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Photographers in Publishing

An interview with Iain Sarjeant, founder of Another Place Press

Photographers in Publishing is a series of interviews, gathering insights from those who balance both making and publishing photography.

Interview by Álvaro Martínez García

For this weeks Photographers in Publishing interview I talked to Iain Sarjeant. Through his publishing company Another Place, he further explores his interest for landscape and the world we live in, an organic extension of the subjects he deals with as a photographer. Sarjeant is a prime example of ‘doing what you love’, which means an exceptional commitment to his publishing company, a one man venture where he is involved in every stage of each project he publishes.

Álvaro Martínez García: What is your background in photography?

Iain Sarjeant: I came to photography through a love of being outdoors. Walking, exploring, initially photography was for me a way of recording my experiences, but it developed into a need to use photography to explore my relationship with places, and express my way of seeing the world around me.

While developing my personal work, I was earning a living as a self-employed photographer and graphic designer, undertaking a range of commercial contracts and commissions. I still do commercial work although the publishing now takes up a lot of time!

Out of the Ordinary ©Iain Sarjeant

ÁMG: You often explore the collision between landscape and human intervention, which I suppose is borne of that love of being outdoors. However to my mind, this collision becomes a sort of harmony when threaded through a considered photographic body of work. Can you talk about your interest in this subject and why you use photography to explore it?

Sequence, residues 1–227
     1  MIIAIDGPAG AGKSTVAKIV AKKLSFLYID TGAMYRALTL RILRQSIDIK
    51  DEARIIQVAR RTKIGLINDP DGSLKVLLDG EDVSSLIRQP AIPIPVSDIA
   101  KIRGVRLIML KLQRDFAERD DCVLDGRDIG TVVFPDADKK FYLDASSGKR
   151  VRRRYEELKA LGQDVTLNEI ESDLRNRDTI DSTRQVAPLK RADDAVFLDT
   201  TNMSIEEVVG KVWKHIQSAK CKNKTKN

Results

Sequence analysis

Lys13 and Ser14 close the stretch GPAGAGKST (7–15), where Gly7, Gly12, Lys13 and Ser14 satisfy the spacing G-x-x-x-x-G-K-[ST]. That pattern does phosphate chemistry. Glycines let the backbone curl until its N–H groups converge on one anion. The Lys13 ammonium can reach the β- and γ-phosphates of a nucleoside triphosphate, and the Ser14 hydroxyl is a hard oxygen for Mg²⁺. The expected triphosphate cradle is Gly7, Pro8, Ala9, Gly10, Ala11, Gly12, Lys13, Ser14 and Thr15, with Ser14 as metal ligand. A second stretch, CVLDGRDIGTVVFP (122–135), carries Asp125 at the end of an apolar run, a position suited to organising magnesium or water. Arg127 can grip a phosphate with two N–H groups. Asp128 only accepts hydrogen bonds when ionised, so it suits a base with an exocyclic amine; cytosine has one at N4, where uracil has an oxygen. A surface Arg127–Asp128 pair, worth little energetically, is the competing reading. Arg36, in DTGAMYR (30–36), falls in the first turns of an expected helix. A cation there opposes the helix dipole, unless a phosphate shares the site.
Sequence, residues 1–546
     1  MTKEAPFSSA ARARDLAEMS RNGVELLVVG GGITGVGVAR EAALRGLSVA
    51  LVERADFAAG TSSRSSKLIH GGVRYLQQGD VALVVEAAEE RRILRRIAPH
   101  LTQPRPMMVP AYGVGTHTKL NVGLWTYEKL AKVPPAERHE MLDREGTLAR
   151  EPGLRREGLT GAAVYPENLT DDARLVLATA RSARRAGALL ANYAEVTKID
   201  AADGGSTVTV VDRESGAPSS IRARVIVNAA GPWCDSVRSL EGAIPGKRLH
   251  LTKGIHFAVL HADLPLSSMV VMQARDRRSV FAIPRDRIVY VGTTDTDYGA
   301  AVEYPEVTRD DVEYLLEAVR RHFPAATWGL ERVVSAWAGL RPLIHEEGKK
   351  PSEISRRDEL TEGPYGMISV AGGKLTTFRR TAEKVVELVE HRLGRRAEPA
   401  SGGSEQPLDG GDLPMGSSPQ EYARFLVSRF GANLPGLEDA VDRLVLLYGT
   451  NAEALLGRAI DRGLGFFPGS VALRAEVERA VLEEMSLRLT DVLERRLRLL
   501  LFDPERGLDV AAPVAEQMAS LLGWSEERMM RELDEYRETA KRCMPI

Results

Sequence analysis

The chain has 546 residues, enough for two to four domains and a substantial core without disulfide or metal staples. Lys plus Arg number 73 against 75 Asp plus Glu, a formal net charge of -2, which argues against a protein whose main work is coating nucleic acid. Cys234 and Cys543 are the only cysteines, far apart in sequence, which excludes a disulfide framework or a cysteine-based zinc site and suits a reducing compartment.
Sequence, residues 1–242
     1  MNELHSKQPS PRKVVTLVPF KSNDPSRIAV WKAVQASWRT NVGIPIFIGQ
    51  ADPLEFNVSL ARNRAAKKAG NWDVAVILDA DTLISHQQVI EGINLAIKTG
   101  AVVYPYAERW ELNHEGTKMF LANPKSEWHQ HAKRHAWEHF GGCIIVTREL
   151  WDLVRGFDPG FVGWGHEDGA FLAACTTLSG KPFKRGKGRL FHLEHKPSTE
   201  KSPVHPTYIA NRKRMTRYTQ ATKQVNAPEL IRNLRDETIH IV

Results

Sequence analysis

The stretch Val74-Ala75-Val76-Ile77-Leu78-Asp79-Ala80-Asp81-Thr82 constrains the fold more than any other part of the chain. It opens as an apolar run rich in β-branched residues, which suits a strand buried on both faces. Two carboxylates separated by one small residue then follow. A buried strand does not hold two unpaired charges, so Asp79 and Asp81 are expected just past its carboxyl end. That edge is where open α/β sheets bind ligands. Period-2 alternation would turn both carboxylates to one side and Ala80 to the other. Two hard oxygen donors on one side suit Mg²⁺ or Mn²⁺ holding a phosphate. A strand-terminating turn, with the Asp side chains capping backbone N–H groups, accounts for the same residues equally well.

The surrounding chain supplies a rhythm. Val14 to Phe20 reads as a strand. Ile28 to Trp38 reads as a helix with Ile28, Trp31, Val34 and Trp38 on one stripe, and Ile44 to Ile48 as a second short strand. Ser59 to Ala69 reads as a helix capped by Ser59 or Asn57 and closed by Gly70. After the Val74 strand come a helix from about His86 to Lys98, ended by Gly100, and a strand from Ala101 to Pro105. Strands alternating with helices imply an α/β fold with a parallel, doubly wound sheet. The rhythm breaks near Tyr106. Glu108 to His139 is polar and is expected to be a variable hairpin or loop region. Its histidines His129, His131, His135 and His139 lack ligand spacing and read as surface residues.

IS: Initially, much of my photography revolved around wild places, the natural landscapes of the Scottish Highlands where I live. Over time, when I began working on longer-term personal projects, I became increasingly interested in our relationship with the land, how the human and natural interact in the landscape. As a way of developing this interest, around 8 years ago I started working on a long-term project called Out of the Ordinary – I viewed it as a journey through everyday Scotland. Scotland’s iconic natural landscapes have been much photographed, and I wanted to focus on more common locations, the places we all walk or drive past every day. My method of working was fairly spontaneous. Wandering, exploring, observing – I liked the element of chance, stumbling across scenes that often looked very different the following month, day or even hour. This project has taken me on quite a journey, both physically and photographically – and is just coming to a close now. Releasing the work in book form has also reinforced for me how important the editing stage is in creating a body of work.

Out of the Ordinary ©Iain Sarjeant

ÁMG: What led you to create Another Place Press?

IS: Since becoming active online (around 10 years ago now), I’ve built up considerable networks with other photographers – which has been valuable given my remote location. I’ve always viewed the online world as a place not only to share my own photographic work but that of others which inspires me. With that in mind, about 5 years ago I started Another Place – a blog specifically showcasing other photographers who were producing work which explored our relationship with ‘place’. I shared a new feature or body of work every week, alongside occasional interviews. The site had great support from fellow photographers, and quickly developed a large following with many submissions received for features.

As I had a background in design – before becoming self-employed as a photographer I had worked for 12 years as a graphic designer – I came up with the idea about 2 years ago of publishing a few of the projects I featured on Another Place as small limited edition photobooks, and so Another Place Press was born.

ÁMG: Has your work with APP influenced your personal work, and vice versa?